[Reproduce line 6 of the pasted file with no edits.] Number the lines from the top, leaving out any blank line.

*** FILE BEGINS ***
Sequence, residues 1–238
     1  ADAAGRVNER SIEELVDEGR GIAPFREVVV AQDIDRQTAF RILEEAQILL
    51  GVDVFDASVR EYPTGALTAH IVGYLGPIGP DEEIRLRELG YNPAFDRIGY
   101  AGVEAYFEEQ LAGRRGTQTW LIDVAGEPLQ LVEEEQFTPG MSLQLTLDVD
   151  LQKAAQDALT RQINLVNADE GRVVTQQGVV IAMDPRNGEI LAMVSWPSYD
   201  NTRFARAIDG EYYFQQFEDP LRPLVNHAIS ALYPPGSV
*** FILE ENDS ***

   201  NTRFARAIDG EYYFQQFEDP LRPLVNHAIS ALYPPGSV